PHOTO: The Costa neoClassica. (photo via Wikimedia Commons/Kefalonitis94)
With December around the corner, Costa Cruises is not only gearing up for a banner cruise season, but will become the first major luxury cruise line to offer sailings from India.
Costa’s luxury neoClassica, with 654 cabins and a total capacity for 1,700 passengers, will be homeported in Mumbai and, beginning Dec. 16, will perform weekly sailings between Mumbai and the Maldives through March 18.
The itinerary has been designed to be an authentic cultural experience, allowing passengers to get an intimate understanding of differing cultures and nature.
The Costa Luminosa, meanwhile, is currently docked in Mumbai as part of its 98-day around-the-world itinerary.
"We are delighted to bring cruising to Indians at their doorstep. For many travelers, the holiday often starts after some sort of a long journey. Now like never before, Indians will have the opportunity to start holidaying – right from their door-step – from India's largest metropolis, Mumbai," Costa Group Asia President Buhdy Bok said.
"It is a proud moment for us to have Costa neoClassica to be homeported at India's premier port. The Mumbai Port has long been the principal gateway to India, playing a crucial role in sea trade and development of the national economy, trade and commerce and prosperity of Mumbai in particular," Mumbai Port Chairman Sanjay Bhatia said.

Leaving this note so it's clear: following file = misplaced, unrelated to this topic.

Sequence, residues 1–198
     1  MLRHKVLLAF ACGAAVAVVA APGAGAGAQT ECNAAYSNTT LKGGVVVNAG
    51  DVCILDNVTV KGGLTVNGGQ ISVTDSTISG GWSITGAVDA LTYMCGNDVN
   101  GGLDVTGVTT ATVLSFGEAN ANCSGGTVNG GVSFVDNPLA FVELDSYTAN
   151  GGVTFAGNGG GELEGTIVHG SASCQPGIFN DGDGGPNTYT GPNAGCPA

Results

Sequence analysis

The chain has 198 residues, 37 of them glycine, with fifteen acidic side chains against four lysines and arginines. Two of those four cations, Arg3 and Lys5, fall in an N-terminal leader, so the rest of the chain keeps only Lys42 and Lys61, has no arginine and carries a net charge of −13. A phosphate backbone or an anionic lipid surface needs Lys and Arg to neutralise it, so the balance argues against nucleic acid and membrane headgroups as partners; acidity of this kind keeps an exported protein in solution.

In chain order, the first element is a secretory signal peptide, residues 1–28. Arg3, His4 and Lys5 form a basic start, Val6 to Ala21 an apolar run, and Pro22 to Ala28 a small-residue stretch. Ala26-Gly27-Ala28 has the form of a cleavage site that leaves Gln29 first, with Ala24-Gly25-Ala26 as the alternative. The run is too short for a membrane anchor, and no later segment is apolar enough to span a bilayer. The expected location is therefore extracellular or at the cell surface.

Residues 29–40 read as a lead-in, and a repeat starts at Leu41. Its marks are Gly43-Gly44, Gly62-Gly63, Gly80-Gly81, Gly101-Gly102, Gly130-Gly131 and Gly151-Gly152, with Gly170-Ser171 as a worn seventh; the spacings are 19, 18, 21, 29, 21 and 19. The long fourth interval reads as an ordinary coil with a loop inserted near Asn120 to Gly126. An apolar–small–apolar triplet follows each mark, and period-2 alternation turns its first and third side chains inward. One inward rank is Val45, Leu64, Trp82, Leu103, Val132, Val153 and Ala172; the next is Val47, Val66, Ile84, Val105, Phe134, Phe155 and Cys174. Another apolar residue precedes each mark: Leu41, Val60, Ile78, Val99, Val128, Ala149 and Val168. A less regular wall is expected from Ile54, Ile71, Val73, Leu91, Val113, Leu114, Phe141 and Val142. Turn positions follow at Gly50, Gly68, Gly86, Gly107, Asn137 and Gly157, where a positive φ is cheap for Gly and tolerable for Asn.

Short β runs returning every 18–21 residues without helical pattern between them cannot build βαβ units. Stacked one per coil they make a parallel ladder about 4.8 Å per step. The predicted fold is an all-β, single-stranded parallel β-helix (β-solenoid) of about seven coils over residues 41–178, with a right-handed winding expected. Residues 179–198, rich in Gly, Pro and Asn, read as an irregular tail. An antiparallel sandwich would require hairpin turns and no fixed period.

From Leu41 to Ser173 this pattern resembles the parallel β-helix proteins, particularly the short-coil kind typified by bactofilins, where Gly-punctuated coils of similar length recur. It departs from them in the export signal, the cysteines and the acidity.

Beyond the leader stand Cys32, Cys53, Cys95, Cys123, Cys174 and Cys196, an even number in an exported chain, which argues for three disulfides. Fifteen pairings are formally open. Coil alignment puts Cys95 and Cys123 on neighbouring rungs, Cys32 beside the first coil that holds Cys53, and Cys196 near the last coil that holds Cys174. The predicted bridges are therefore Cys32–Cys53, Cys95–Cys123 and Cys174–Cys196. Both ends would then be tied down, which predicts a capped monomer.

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Starting in Mumbai, passengers will get a taste for the hustle and bustle that defines India’s most populous city. The city contains some of the world’s best examples of colonial-era architecture, as well as vibrant bazaars, temples and pulsing nightlife. From there, it’s off to New Mangalore, India’s deepest port. Among the popular attractions there are Panambur Beach, the Kadri Manjunath Temple, Tannirbhavi Beach, the St. Aloysius Chapel and the Pilikula Nisargadhama gardens.
Cochin, a city scattered over a group of islands, is the next port-of-call. Here, passengers can learn about the traditional dance, the Kathakali, and explore quaint streets lined by 16th-century Portuguese churches and forts. In fact, the city is interesting because of its dichotomy—it’s home to a 400-year old synagogue, ancient mosques, giant Chinese fishing nets and what’s left of the British Raj. The various villages are linked by a network of ferries and bridges and are a delightful place to while away the day.
Next stop on the itinerary is Male, the capital of the Maldives, a bustling archipelago that is in stark contrast to this laid-back island nation. Don’t miss the National Museum, the Old Friday Mosque and the fish market, where the day’s fresh catch is brought in and sold.